But I am glad for the luck
of light. Surely it is godly,
that it makes all things
begin, and appear, and become
actual to each other.
— from “October” by May Swenson
There is a distinct quality to October sunlight. A softer radiance than the harshness in summertime, scenes glow with an amber or honeyed hue, especially in the morning hours. Below is a series of photographs by Carol M. Highsmith taken in outdoor locations throughout the continental U.S. that exhibit the quality of October’s light:
Explore more than 1800 photographs taken in the month of October within the Carol M. Highsmith Archive. Highsmith, a distinguished and richly-published American photographer, has donated her work to the Library of Congress since 1992. Starting in 2002, Highsmith provided scans or photographs she shot digitally with new donations to allow rapid online access throughout the world. The archive which now has more than 30,000 digital images is expected to grow to more than 100,000 photographs covering all of the United States.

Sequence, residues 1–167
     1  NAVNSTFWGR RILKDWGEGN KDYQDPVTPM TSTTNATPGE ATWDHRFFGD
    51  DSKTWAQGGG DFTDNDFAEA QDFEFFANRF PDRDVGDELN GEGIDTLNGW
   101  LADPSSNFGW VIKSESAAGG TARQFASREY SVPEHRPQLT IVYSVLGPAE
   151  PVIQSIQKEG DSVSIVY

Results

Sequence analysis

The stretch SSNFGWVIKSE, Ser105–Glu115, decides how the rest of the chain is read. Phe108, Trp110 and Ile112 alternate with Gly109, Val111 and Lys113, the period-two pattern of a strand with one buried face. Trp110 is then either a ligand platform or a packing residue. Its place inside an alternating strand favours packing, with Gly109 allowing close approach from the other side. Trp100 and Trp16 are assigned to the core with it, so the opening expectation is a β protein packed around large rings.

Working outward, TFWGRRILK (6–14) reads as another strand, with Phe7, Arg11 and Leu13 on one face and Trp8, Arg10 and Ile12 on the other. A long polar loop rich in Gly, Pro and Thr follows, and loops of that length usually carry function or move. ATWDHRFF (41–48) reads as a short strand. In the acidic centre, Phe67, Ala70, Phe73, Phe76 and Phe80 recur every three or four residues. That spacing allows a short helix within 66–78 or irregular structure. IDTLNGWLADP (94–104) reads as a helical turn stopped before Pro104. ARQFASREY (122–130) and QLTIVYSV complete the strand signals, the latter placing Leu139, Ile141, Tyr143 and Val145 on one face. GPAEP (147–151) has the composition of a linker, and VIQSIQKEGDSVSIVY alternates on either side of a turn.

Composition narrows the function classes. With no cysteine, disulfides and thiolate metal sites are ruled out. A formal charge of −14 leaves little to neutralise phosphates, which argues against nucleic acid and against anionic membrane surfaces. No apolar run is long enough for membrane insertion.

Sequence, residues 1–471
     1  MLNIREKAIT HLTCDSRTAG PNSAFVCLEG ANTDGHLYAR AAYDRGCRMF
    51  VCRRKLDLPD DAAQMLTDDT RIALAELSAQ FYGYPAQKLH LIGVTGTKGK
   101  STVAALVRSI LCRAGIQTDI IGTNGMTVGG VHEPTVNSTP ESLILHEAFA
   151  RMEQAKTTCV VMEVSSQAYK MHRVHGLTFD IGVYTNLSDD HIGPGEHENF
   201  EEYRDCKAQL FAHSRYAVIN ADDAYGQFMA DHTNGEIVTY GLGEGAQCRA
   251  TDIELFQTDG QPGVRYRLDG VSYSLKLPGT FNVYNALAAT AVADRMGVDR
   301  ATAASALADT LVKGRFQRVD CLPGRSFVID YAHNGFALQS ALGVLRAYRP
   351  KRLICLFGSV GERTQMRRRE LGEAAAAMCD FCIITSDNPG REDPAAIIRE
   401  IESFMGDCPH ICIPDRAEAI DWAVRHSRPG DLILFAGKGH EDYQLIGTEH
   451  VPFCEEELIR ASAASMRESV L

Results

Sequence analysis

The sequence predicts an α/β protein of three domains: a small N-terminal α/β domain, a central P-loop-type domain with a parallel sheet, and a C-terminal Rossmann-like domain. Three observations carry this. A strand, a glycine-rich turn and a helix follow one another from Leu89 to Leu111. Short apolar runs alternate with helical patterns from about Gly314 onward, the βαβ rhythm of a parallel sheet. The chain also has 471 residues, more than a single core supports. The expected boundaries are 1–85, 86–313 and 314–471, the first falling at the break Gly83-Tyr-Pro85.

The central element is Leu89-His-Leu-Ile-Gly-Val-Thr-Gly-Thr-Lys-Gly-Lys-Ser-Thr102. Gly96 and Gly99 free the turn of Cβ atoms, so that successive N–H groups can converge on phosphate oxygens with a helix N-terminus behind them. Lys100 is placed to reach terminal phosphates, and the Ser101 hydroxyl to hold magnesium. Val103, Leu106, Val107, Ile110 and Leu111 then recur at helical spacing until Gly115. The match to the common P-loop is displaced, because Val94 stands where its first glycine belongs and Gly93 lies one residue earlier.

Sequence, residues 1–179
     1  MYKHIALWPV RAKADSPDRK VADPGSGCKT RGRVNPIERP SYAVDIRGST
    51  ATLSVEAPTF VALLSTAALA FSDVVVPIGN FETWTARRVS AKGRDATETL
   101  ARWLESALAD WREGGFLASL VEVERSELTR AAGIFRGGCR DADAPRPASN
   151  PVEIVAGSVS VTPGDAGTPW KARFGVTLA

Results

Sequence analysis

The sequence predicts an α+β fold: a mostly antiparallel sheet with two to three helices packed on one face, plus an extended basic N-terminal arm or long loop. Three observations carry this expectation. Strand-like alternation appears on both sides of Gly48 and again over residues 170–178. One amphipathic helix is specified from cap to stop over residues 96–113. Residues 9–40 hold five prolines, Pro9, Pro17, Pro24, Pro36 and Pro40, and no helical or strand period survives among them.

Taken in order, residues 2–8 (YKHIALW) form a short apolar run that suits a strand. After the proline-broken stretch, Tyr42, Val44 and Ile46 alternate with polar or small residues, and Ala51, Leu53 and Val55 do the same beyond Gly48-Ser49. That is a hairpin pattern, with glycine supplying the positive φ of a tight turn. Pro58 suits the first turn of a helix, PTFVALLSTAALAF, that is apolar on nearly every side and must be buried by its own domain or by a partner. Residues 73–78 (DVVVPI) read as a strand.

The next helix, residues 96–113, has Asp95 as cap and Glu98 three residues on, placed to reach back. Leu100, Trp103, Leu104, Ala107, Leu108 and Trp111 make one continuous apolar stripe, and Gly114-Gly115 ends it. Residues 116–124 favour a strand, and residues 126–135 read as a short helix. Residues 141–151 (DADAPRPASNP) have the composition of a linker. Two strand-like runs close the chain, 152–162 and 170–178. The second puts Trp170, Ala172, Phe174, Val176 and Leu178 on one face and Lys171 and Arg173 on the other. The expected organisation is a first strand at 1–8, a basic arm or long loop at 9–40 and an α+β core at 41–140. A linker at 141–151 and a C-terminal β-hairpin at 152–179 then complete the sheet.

Dates on historical photographs can be misleading, representing anything from the date the image was taken, copyrighted, or published, to the date it was added to the collection. This series of Farm Security Administration/Office of War Information color photographs relating to farms were assigned October dates by the originating agencies. Have a look and see if you detect that special quality of October light (or other date-specific clues) in them!